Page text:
Millennials Need More Than a Decade to Save for a Home Downpayment

April 20, 2016, 2:34 PM UTC
New Study Names San Francisco As Most Expensive To Buy A Home
SAN FRANCISCO, CA - FEBRUARY 18: People stop to look at San Francisco's famed Painted Ladies victorian houses on February 18, 2014 in San Francisco, California. According to a report by mortgage resource site, an annual salary of $115,510 is needed to purchase a house in San Francisco where the median home price is $682,410. The report included 25 of the nations largest metropolitan cities with Cleveland, Ohio being the cheapest with a needed salary of $19,435 to purchase a home. (Photo by Justin Sullivan/Getty Images)
Photograp by Justin Sullivan—Getty Images

Millennials and home ownership go together like Taylor Swift and Kanye West do nowadays. But a new report shows just how hard it could be for young Americans to buy a fancy pad.

In a survey of around 30,000 renters by online rental marketplace Apartment List, around 79% of millennial renters dreamed about purchasing a home, but admitted that affordability remains a huge obstacle for them. That’s not surprising, since home ownership rates are perennially low among those under 35-years-old.

But how big of a challenge is it? Using data on starter home prices and the average saving rates for millennials currently, Apartment List found that renters in 12 major metropolitan areas would need a decade or more before they could afford even a 20% downpayment on a home.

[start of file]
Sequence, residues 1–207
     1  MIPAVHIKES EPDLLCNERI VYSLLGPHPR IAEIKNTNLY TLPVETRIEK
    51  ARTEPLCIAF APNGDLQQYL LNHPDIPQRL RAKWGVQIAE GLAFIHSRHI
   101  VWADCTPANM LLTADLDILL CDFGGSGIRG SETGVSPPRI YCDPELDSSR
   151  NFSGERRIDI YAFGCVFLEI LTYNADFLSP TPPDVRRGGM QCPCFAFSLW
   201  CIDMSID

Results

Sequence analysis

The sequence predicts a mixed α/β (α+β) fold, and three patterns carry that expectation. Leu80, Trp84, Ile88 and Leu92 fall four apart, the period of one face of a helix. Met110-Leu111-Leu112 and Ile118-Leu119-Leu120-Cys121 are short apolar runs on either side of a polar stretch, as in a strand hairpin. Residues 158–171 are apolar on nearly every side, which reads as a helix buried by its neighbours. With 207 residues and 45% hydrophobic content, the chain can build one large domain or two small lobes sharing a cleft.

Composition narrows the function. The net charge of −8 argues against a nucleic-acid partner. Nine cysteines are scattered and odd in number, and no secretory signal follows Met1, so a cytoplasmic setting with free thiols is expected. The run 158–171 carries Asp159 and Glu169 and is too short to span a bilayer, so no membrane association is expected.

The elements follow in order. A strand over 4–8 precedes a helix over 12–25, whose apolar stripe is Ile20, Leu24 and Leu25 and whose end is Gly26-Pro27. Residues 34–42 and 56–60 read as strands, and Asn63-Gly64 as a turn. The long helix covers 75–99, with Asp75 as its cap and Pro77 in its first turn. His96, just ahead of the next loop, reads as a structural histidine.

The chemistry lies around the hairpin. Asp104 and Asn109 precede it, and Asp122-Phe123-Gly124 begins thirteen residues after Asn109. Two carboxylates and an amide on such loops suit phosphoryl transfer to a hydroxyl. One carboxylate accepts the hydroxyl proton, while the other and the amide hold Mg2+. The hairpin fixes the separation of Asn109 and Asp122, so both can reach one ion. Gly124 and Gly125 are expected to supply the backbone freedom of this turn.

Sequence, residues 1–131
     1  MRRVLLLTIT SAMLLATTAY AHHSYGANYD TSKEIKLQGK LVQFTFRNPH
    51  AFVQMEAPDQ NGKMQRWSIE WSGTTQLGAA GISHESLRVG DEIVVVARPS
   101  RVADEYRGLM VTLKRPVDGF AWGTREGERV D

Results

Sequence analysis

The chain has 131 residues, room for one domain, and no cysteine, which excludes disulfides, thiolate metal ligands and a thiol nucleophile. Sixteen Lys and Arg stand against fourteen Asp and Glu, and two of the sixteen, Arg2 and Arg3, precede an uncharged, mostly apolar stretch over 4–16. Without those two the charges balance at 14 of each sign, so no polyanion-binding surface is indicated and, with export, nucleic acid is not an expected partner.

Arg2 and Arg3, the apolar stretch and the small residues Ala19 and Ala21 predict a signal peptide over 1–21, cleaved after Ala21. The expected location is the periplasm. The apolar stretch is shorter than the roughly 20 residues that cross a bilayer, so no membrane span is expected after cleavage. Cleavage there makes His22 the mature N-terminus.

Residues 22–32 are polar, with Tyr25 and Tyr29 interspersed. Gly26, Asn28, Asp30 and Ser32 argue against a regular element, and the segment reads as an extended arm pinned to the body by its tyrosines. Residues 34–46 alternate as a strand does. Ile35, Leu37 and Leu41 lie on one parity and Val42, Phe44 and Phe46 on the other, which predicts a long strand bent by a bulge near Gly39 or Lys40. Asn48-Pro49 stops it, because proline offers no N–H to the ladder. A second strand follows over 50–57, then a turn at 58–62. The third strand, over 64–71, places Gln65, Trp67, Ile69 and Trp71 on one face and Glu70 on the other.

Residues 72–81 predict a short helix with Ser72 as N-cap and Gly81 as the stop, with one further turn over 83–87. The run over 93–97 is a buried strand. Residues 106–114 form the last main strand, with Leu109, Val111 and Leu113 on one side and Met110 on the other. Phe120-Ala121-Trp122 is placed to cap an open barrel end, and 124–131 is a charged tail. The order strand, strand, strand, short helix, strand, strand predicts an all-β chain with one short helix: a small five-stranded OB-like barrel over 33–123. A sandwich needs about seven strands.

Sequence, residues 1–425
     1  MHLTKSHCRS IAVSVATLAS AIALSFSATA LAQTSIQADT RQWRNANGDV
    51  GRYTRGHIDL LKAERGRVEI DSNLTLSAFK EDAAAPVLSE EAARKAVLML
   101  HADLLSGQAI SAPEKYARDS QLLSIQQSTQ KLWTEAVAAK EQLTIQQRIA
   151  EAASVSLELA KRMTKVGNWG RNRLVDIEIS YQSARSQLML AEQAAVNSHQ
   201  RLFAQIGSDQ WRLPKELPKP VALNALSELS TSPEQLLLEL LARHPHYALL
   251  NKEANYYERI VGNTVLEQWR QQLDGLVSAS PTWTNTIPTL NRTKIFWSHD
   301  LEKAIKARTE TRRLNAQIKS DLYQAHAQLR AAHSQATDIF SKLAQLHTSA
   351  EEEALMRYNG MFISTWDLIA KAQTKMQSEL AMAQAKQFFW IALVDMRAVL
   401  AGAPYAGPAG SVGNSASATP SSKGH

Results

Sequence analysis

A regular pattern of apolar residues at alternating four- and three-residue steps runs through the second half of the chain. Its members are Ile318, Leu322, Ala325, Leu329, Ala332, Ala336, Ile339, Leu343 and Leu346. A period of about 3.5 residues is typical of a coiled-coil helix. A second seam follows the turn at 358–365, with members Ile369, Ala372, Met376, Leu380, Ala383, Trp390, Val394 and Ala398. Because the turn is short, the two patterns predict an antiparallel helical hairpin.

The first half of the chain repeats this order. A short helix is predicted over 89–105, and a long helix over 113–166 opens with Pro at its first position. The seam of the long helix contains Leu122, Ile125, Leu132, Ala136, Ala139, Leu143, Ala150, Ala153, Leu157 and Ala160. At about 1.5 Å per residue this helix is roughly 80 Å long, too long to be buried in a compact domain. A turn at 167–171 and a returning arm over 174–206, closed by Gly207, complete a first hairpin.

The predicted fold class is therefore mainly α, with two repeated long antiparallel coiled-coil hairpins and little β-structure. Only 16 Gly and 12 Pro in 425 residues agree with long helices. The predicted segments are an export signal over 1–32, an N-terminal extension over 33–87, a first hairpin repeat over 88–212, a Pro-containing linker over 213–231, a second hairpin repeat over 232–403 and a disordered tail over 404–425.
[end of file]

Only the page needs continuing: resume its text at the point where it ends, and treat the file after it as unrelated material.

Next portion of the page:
That number is greatest in San Francisco, where homes are notoriously expensive. Most millennials would need to save for almost 28 years before they could afford a starter home’s downpayment, which could come out to around $142,800 in the Bay Area.


The West Coast, overall, is especially problematic for millennials, with Californian cities taking the top four worst spots to pay for a home in this survey.

The length of time needed for a home could also be a reason why younger Americans aren’t especially interested in saving for one. In Apartment List’s survey, 37% of millennial renters have not saved a single cent for a down payment, and more than 41% have not set aside a portion of their monthly income for a future home.


Last July, researchers at the St. Louis Federal Reserve recommended young adults postpone home ownership for years, if not decades. They asked millennials to “delay purchase of a home with its attendant debt burden until it was possible to buy a house that did not make the family’s balance sheet dangerously undiversified and highly leveraged.”